Kendall Lindsay made her decision about where to go to college with one key thought in mind –– how her family would afford degrees for its graduating triplets.
Lindsay, 18, turned down her early admission to Duke University to attend UF next Fall because she knew the Bright Futures scholarship program would fully fund her in-state tuition.
But, when she heard about the Florida Senate bill that proposed to change funding for the program thousands of students across the state rely on to attend college, she started to worry.
“I definitely would reconsider choosing the University of Florida over Duke because, without that full ride, I could have gotten to go to Duke for about the same price,” she said.
Lindsay’s not alone in her worries about college funding. Students and parents across the state protested the bill for weeks, leading senators to remove the bill’s most controversial aspects, which included making certain majors ineligible for full funding through the scholarship. Still, the legislation continues to gather attention as it moves toward the Senate floor with language that no longer specifies how much students will receive through Bright Futures. The bill will be heard again by the Appropriations Committee Wednesday.
Currently, Florida Academic Scholars receive funds for 100% of tuition and fees, while Florida Medallion Scholars receive 75%. The bill proposes Bright Futures awards will be “equal to the amount specified in the General Appropriations Act,” which determines the state’s budget each year. This means Bright Futures award amounts could change every year when the annual budget passes.
Students and families questioned their future plans and finances when the bill was first proposed and are still worried about funding not being guaranteed for students.
“My family is depending on Bright Futures to help my kids get through college,” Lindsay’s mother, Amy Lindsay, said.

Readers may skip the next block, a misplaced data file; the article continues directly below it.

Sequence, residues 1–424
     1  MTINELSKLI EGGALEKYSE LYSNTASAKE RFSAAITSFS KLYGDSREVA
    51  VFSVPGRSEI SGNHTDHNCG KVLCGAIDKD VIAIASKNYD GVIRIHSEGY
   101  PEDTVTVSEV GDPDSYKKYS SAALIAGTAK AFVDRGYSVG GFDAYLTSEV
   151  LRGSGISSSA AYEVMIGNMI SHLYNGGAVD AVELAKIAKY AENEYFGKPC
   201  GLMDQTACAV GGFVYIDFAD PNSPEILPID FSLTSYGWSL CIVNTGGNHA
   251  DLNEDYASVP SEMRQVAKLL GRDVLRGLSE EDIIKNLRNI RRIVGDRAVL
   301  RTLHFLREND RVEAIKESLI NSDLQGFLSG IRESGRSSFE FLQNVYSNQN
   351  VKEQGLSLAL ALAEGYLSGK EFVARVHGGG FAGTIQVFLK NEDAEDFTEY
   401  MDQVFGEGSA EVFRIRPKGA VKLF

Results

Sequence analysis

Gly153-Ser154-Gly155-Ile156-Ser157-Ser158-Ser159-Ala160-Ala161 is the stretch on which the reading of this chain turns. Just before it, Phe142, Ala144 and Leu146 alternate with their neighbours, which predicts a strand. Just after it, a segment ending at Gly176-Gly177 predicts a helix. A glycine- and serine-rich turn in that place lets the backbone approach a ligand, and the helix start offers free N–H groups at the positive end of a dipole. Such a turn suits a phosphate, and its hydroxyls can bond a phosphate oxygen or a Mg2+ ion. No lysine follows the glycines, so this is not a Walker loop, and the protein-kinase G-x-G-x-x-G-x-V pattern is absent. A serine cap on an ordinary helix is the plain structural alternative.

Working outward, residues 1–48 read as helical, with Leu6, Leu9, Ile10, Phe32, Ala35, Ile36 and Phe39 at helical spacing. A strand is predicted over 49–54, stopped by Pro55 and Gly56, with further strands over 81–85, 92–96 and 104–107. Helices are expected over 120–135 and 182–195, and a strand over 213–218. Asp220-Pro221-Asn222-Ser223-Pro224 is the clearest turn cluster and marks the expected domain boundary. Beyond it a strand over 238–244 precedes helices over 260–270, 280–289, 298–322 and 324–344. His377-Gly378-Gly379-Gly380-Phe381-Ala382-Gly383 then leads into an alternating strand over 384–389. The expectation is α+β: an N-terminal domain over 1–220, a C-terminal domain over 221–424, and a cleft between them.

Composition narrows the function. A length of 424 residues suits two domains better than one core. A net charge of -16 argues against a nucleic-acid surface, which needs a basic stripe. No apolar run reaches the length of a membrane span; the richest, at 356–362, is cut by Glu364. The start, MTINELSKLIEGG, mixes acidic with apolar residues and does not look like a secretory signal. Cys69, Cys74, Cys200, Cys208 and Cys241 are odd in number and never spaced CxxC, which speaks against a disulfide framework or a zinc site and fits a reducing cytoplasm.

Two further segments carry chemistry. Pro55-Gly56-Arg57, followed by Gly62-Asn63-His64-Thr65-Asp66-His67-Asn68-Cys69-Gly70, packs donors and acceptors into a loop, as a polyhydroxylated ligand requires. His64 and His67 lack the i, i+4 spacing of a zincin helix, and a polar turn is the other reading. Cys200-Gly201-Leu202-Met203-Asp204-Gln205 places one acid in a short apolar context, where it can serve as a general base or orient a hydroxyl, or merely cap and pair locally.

Without Bright Futures, the Lindsays would have to dip into their retirement funds and savings, and the kids would need to take on jobs during their studies. Amy would probably have to find a second job as well, she said.
As for any schooling beyond college, she said her kids might have to delay that if they aren’t awarded Bright Futures funding.
“I am very stressed out,” she said, referring to the initial proposal of the bill. “I am trying to think about what and how we are going to do to pay for this.”
When the bill was first proposed, students and families had to consider how they would balance college degree choices with family budgets.
Leslie Winograd, the mother of an 18-year-old high school senior from Boca Raton, said taking away the affordability of staying in Florida for college would drive young talent away. High-achieving students would likely opt for out-of-state schools, she said, as they often receive merit-based scholarships that lower the tuition to be close to in-state tuition prices.
“I just don’t know what they were thinking,” she said. “It was a dumba-- thing to do. It’s just stupid.”
Jessica Winograd, her 18-year-old daughter, said she has never been a science-oriented person.
While Jessica has not fully settled on her major yet, she knows she wants to pursue a career in liberal arts. She emphasized the importance of having bright students in all fields in the workforce.
“You need teachers and social workers,” she said. “You can’t just have a bunch of scientists running around.”